A court has ruled in favor of US Commodities Trading Commission (CTFC) invoking a permanent ban on the operator of CabbageTech, Patrick K. McDonnell. The New York-based company was involved in a crypto-related ‘bold and vicious’ fraud, Bloomberg published the report on August 24.
CabbageTech was involved in crypto-related fraud
District Judge of Brooklyn, New York, Jack B Weinstein had rejected McDonnell’s argument claiming that CFTC didn’t have any authority to regulate his business.
Weinstein held a non-jury trial in July where it was claimed that McDonnell operated a ‘boiler room’ that duped the huge number of investors in various states and countries using “trickery, false statements and misappropriation of funds.”
As per Bloomberg, no lawyer represented CabbageTech as McDonnell claimed he couldn’t afford to hire a counsel. The CabbageTech CEO was reportedly not present at the courtroom during the trial. Weinstein had urged him to ask for legal help and delivered a default judgment against CabbageTech that was not represented by any lawyer.
A different lawsuit was also filed by CFTC against McDonnell’s another firm Coin Drop Markets. The CTFC lawsuit claims that customers didn’t get any advice on crypto trading from McDonnell and Coin Drop, despite paying for the same. Finally, the Coin Drop’s website was closed down and McDonnell failed to respond to the customers. CFTC also mentioned in the lawsuit that Coin Drop wasn’t listed registered with CFTC .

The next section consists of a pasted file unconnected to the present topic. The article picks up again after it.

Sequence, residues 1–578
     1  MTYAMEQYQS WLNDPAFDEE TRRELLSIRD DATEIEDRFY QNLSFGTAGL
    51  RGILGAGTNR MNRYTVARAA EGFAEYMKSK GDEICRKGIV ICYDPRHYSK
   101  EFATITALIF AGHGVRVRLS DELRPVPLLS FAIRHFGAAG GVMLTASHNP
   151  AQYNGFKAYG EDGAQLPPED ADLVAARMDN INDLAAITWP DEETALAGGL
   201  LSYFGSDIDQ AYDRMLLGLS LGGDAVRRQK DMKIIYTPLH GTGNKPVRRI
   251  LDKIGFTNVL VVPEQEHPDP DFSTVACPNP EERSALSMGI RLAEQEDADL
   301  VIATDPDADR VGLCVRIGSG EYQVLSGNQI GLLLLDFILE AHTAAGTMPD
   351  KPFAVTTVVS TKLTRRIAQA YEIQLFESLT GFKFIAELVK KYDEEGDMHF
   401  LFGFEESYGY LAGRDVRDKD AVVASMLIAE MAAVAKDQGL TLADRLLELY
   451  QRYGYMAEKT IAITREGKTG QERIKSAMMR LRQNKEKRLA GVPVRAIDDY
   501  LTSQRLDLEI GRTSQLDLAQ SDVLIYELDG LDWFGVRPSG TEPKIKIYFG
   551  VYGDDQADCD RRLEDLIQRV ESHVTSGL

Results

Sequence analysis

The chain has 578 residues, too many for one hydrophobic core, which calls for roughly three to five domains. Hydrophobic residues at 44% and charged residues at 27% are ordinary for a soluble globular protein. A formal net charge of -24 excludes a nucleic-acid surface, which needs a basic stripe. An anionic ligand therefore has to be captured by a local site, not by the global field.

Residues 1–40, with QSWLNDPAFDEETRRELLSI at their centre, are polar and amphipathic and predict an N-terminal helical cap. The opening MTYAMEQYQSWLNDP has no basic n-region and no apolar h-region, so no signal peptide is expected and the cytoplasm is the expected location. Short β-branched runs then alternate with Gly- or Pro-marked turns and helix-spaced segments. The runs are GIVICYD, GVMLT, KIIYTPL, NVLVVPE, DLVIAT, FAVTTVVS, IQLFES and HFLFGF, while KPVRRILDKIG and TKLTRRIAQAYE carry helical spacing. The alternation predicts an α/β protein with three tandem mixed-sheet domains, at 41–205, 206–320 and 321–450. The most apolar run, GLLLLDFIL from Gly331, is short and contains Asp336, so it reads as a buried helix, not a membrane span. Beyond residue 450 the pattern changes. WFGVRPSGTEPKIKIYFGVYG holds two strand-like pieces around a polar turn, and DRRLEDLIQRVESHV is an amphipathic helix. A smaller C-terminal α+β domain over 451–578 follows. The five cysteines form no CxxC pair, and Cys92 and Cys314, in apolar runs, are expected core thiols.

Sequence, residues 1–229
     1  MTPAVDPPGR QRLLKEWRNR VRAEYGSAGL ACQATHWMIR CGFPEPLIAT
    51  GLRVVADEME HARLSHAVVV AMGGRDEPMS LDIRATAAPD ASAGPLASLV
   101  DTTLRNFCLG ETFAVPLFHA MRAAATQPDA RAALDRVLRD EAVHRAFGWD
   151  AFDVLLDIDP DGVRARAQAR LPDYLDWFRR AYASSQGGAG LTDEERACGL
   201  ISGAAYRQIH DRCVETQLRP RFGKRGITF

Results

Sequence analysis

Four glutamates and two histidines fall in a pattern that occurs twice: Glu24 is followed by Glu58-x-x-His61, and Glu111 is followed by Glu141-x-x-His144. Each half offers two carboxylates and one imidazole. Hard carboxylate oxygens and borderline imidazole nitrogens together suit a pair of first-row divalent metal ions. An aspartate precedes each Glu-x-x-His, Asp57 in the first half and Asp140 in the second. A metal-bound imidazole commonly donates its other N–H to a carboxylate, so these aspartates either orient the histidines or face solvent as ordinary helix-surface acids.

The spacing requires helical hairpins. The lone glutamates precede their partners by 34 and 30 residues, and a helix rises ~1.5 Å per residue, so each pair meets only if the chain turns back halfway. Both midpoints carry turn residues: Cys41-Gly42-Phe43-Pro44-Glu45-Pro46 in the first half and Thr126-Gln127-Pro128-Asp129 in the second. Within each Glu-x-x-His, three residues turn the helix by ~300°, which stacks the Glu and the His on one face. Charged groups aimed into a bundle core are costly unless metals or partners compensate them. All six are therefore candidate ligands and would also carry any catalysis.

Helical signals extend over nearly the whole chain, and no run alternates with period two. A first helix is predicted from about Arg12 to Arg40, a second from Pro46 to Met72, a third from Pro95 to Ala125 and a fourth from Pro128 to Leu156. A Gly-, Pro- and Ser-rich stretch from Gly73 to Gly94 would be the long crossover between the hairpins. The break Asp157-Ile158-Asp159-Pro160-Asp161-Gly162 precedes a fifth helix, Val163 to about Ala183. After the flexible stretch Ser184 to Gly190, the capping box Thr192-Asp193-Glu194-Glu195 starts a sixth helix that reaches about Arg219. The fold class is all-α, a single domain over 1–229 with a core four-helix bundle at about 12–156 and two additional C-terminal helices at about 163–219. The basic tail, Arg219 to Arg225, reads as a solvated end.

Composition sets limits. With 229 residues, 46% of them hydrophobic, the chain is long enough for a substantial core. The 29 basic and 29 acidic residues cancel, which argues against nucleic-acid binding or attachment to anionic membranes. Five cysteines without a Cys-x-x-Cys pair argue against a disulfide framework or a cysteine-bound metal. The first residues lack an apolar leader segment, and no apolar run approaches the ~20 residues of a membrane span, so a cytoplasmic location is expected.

In a speech from Capitol Hill last month, Congressman Bill Huizenga opined for more empowerment of financial regulators like US Securities and Exchange Commission (SEC) and CFTC to bring complacency in the cryptocurrency market so that everyone abides by the same rules governing other currencies as well as stocks.
In a May statement, CFTC Chairman Chris Giancarlo, said: “The statutes we are operating, you know, were written… in 1935 … And it’s often hard to look at those statutes and find out where something as new and innovative as Bitcoin and many other cryptocurrencies, where do they fall into a regulatory regime which was written decades ago… we see elements of commodities that are subject to our regulation, but depending on which regulatory regime you are looking at, it has different aspects of all of that.”
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